Capitalizing on Pepsi’s oversight, Leonard sent Pepsi an order form for “1 Harrier Jet” along with a check for $700,008.50 ($8.50 was extra for shipping and handling). He received a response from Pepsi saying that the Jet was not part of the promotion and that they would not be sending him a fighter jet. To apologize for the confusion, they sent over a number of coupons for Pepsi products. Leonard refused to take no for an answer and sued Pepsi demanding that they honor their promotion and give him a $33 million fighter jet. The lawsuit claimed that Pepsi had committed fraud, breach of contract, and deceptive advertising.
The case was in court for years until a federal judge eventually determined that a reasonable person could not possibly have believed that a Harrier Jet would be a prize in a soda promotion. Pepsi won the case and John Leonard never received his jet plane, although he did still have a handful of coupons. In addition, a spokesperson from the Pentagon said that it would be illegal to give a random citizen a military grade fighter jet.
John Leonard lived the dream by finding a simple loop hole that could have made him instantly rich but unfortunately, the law wasn’t on his side and now he has to fly coach when he travels rather than flying in a supersonic private jet.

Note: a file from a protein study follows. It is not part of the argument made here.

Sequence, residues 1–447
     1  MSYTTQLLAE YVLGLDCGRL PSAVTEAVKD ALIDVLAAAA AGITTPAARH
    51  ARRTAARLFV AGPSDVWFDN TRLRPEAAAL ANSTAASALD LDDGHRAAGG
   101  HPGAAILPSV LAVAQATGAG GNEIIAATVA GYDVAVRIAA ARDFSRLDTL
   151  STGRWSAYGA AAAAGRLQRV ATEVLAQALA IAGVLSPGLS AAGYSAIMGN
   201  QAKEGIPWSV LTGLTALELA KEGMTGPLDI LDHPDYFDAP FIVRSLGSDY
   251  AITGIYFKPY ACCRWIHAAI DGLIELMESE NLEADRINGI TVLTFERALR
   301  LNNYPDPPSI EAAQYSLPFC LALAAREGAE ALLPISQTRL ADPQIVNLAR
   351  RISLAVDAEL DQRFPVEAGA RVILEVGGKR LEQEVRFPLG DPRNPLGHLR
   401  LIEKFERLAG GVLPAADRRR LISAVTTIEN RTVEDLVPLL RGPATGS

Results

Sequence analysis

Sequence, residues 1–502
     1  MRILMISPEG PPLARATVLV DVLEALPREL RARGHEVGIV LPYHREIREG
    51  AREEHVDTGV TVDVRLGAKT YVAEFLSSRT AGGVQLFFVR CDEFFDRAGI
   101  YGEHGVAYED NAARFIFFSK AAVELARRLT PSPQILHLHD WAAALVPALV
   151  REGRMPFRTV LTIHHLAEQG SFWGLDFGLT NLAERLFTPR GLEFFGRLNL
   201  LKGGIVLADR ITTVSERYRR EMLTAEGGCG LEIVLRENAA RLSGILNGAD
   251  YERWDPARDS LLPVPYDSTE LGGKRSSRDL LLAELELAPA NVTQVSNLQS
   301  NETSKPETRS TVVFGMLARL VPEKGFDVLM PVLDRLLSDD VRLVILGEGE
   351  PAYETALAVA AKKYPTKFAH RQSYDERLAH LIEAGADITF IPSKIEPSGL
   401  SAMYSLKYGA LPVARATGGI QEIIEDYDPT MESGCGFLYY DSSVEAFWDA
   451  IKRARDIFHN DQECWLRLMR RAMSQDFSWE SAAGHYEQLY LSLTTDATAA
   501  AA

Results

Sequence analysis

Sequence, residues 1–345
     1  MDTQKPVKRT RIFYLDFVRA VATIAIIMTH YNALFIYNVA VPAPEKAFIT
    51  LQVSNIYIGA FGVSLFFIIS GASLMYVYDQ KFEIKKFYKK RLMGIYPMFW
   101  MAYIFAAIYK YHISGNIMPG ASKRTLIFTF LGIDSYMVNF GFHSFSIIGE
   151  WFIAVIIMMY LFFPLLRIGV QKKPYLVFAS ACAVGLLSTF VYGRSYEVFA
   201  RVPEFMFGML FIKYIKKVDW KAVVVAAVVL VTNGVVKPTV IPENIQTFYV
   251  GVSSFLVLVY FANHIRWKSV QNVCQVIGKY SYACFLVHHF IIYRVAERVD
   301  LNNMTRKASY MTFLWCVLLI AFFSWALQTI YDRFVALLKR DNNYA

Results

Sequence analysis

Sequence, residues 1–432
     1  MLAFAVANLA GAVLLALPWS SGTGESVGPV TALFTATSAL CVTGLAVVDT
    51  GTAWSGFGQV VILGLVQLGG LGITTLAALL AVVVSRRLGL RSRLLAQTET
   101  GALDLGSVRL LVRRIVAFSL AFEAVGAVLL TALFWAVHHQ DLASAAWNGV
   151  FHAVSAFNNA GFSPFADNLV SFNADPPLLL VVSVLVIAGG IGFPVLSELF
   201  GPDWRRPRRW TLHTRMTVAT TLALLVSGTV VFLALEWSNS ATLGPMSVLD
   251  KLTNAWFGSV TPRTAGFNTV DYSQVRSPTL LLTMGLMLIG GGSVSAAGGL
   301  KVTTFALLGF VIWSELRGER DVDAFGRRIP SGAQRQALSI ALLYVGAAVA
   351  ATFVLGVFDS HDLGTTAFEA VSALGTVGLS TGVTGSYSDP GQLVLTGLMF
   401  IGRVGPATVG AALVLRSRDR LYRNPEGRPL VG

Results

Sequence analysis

This Week in History
On this week in 1922, four countries (Russia, Belarus, Ukraine, and the Transcaucasian Federation) joined together to create a single communist government known as the Soviet Union. The Communist party had come into power during the Russian revolution when they overthrew the Russian empire and the aristocracy. The newly created Soviet Union was the first country founded on Marxist socialism. After its founding, the soviet union grew into a global super power and was extremely influential in global politics until it collapsed in 1991.